The ability to efficiently screen for and monitor chronic diseases, such as diabetes and hypertension, whose rates are predicted to rise over the next 10 to 20 years, will be especially important. “Treatment for these should be very streamlined to make sure that people are on the medicines they need to be,” says Kristian Olson, a pediatrician at MGH involved in global-health initiatives. “And all of that should be routinized as much as possible, or else you’re reinventing the wheel for each patient.”
Other physicians familiar with the project have created their own visions for how the kiosk might be used. “A trip to the doctor’s office is a fairly clunky process,” says David Howes, president, chief medical officer, and CEO of Martin’s Point Health Care, based in Maine and New Hampshire. “It takes a lot of effort, it takes a lot of time, and it doesn’t really use the time of high-paid specialized professionals in the best possible way.”
Howes believes that just placing versions of Dixon’s kiosk in doctors’ offices could streamline the process and completely change primary care for both patients and their physicians. “Think about your process of going to the doctor: you go in, the nurse sits down with you, takes a lot of history, takes vitals, and might even order some lab studies. And then the physician comes in and replicates a lot of that work,” he says.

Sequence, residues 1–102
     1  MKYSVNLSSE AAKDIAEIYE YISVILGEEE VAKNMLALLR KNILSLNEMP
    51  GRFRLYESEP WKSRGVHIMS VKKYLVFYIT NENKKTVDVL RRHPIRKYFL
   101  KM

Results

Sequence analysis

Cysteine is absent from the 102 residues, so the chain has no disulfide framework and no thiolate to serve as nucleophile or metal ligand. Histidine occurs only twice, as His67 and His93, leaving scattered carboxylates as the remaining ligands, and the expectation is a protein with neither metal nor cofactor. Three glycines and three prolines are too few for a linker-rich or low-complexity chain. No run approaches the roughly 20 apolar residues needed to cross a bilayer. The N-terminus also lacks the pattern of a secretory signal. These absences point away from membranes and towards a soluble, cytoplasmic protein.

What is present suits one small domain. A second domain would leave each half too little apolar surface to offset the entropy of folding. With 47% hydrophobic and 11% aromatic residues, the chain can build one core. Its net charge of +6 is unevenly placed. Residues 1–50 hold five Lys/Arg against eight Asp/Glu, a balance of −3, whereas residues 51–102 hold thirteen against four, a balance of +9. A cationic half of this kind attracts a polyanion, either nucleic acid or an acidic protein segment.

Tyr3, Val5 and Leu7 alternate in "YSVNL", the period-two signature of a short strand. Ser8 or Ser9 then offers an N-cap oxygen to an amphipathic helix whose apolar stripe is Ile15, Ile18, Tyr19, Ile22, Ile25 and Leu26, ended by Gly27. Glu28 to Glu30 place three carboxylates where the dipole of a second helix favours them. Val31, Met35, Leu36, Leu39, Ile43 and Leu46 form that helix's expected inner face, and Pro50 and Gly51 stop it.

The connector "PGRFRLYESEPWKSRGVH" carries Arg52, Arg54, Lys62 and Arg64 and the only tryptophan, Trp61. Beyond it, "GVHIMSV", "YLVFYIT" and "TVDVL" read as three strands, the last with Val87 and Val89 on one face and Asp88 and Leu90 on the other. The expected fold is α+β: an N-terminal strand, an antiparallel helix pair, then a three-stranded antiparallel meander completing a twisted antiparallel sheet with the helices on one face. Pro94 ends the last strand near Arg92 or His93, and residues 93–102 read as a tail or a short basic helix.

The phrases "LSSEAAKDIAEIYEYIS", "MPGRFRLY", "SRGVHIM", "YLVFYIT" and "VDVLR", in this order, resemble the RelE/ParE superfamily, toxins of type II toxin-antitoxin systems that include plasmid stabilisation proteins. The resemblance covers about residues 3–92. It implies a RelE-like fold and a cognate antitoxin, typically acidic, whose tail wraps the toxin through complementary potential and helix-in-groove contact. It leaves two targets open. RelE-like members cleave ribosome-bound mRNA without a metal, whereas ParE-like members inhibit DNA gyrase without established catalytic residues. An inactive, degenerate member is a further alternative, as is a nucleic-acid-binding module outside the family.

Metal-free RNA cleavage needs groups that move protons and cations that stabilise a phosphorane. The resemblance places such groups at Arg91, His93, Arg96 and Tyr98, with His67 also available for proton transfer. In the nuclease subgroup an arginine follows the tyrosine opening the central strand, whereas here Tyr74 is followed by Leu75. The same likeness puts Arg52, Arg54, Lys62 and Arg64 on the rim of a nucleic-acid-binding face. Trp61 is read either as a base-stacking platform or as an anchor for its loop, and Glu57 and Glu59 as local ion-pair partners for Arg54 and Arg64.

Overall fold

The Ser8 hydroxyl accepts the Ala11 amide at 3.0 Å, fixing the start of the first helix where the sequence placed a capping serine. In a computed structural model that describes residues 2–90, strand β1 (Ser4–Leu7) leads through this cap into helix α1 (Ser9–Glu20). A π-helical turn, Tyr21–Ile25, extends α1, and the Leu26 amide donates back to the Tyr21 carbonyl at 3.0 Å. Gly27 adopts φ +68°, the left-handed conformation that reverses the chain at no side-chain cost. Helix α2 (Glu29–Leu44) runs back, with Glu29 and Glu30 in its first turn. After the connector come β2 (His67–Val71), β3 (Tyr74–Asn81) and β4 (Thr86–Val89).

But a kiosk would allow for much of that to be accomplished before a patient ever sits down in an exam room. “By the time you get in to see the physician, the information has been gathered and organized,” Howes says. A clinician can look at the information and determine what conversations she and the patient need to have. “We’ve daydreamed that a tool like this, in the intake process, would be very useful.”
An automated system like the health kiosk could also be used to extend health-care access to the poorest nations. “It’s clear that there’s a human-resource limitation overseas that’s far larger than what we have in this country,” says MGH’s Olson. The kiosks, in combination with just a single physician or nurse practitioner, “could provide common care to a huge percentage of people,” he says.
In developing nations, Olson views the kiosk as less of a preventative screening tool than one that could be used for vital follow-ups. “I could see it being incredibly useful for routine follow-up for patients with issues such as tuberculosis or HIV,” he says. “It’s a way to follow up with physicians, demonstrate side effects, talk about whether [patients are] taking their meds.”